Shorter Exclusivity Could Carry a Hefty Price Tag
By Mari Serebrov
If successful, efforts to reduce the 12 years of data exclusivity granted under the Affordable Care Act for innovative biologics could prove to be costly for patients, payers and the companies that make the drugs.
Reducing data exclusivity to seven years, as the president and a number of lawmakers have proposed, would be disruptive to the marketplace as it would encourage at-risk launches of biosimilars and lead to unnecessary patent litigation, said Dave Fox, former associate chief counsel for drugs at the FDA and a partner at Hogan Lovells.
That litigation would put courts more at the center of biosimilar development than scientists, Fox said during a recent Hogan Lovells roundtable on the state of the industry.
More patent challenges would require biotechs to put money away to pay for litigation and possible settlements, Mary Webster, a patent attorney with Nixon Peabody, told BioWorld Insight.
That's money that could be used for R&D, she said, adding that the cost of litigation would be reflected in higher biologic prices, both for the innovator and biosimilars.
Yet those who are pushing for shorter exclusivity claim it would lower biologic prices by introducing cheaper biosimilars five years earlier. In calling for seven years of exclusivity in his 2012 budget proposal, President Barack Obama said it would produce $2.34 billion in savings by 2021. He bumped the savings up to $3.4 billion in September when he included the shorter exclusivity in his debt reduction plan. (See BioWorld Today, Feb. 16, 2011, and Aug. 15, 2011.)
Twelve years is unnecessary to promote innovation, the administration said. But its savings estimates fail to take into account the chilling effect a shorter exclusivity may have on innovators or the indirect costs of changing the steps in a complex process.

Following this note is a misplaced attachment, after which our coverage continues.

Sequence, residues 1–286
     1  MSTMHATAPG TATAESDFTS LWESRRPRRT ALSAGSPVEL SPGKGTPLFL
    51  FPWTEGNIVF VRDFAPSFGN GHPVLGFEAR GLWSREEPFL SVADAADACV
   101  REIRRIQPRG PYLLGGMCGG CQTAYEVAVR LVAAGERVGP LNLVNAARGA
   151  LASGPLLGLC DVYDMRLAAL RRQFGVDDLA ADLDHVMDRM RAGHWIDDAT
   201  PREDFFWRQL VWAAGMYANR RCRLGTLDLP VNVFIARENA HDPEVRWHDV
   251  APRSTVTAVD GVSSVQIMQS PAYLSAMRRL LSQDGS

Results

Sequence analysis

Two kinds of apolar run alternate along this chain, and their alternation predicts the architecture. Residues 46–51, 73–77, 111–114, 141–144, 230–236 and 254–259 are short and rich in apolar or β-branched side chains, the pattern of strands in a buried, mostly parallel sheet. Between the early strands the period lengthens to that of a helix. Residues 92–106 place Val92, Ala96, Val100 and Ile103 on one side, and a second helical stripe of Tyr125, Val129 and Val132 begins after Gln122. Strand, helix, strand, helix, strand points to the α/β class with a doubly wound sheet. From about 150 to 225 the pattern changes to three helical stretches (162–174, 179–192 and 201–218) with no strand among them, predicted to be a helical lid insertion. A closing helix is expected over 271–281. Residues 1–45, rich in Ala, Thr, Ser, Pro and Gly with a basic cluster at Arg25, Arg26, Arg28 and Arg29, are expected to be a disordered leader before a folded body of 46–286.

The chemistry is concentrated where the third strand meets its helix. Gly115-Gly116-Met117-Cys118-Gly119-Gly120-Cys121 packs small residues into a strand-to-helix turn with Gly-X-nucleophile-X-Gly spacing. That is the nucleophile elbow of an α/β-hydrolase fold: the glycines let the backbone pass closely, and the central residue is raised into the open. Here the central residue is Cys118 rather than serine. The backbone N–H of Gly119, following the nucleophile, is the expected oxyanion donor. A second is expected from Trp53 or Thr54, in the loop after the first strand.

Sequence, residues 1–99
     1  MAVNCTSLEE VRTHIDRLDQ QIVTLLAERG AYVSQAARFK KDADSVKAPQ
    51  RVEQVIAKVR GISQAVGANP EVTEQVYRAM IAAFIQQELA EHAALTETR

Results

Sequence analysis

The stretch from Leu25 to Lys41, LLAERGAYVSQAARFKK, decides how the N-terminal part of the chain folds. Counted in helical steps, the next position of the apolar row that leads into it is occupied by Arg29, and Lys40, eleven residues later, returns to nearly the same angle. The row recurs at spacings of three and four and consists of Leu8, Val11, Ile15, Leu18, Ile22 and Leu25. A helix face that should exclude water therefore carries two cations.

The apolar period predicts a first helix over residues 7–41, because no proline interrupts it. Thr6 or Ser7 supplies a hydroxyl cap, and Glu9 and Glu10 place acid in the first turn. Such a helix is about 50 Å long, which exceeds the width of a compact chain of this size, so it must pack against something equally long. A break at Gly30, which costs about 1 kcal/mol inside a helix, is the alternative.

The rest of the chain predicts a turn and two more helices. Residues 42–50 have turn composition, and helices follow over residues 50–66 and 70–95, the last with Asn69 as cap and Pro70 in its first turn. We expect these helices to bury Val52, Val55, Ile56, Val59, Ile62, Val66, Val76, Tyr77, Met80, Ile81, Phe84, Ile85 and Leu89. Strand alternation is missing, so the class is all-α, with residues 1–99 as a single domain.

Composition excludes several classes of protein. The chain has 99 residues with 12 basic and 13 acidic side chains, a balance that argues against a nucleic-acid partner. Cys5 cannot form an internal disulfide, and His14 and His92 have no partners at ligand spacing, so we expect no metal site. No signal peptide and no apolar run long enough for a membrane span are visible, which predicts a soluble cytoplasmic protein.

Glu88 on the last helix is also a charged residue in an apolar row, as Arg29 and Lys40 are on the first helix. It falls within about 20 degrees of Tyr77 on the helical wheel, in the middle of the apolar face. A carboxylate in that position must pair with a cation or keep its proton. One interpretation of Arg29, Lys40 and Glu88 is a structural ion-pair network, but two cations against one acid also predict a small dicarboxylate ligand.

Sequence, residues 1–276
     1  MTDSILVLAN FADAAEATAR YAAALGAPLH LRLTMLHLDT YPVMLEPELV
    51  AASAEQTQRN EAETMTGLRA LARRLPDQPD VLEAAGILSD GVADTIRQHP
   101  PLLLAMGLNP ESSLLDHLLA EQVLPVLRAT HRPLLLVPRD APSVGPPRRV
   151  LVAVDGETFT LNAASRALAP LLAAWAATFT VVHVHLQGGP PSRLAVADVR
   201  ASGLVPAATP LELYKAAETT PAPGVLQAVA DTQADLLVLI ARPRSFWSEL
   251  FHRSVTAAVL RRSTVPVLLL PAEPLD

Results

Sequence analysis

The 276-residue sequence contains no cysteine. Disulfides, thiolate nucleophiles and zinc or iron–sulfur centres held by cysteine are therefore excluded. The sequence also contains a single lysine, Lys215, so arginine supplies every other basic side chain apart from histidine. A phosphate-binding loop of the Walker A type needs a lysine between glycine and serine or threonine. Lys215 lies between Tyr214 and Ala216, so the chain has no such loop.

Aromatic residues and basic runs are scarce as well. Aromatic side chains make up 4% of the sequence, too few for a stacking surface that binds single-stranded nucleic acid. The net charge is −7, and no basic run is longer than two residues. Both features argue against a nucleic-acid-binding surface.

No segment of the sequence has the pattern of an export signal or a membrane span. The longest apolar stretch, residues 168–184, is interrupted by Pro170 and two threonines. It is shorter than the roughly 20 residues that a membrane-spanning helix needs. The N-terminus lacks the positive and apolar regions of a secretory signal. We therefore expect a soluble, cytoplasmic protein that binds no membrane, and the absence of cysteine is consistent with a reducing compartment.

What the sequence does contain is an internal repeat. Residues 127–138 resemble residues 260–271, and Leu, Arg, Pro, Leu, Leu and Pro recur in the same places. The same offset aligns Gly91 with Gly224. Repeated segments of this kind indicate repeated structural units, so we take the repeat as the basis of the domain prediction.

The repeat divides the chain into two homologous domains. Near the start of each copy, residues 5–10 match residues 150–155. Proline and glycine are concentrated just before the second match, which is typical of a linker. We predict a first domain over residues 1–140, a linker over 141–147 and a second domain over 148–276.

"If you can't corner your market and recoup your costs, are you going to do it?" Webster asked.
The estimates also ignore industry realities – such as the length of time it takes to develop a new biologic, the uncertainty of patents for biologics and the newness of the biosimilar regulatory pathway, Webster said.
Patents on biologics tend to be filed early on, which means much of the 20-year patent protection is gone before the product hits the market, Webster said. A longer exclusivity may extend the intellectual property protection a few years. But in many cases, a seven-year exclusivity would expire before or at about the same time as the patent.
Subsequently, having only seven years of exclusivity would nearly negate the benefit of exclusivity, Fox said, and it would come at a high price to biotechs.
"Seven years takes five years off exclusive marketing, and those out years are the most valuable years" for a drugmaker, he added.
Webster noted that patents on biologics are more uncertain in general than those for traditional drugs. Several biologic patents have been struck down over the years. And others never make it through the Patent and Trademark Office (PTO).
If the PTO approved one biologic patent a year 20 years ago, it was doing well, Webster said, because it didn't have the expertise to evaluate the patents. While more biologic patents are approved today, the uncertainty continues.
"The law is way behind the science," Webster said.
Changing the length of exclusivity also could have costly ramifications for the FDA. Since the 12-year exclusivity is a matter of law, that's the time frame the FDA is using in drafting its biosimilar guidance, preparing to review biosimilar applications and planning its inspection schedule.
Shortening that time would mean biosimilar applications would hit the agency five years earlier than it's preparing for, Mark Brown, a partner at King & Spalding and former associate chief counsel at the FDA, told BioWorld Insight. (See BioWorld Today, Sept. 21, 2011.)
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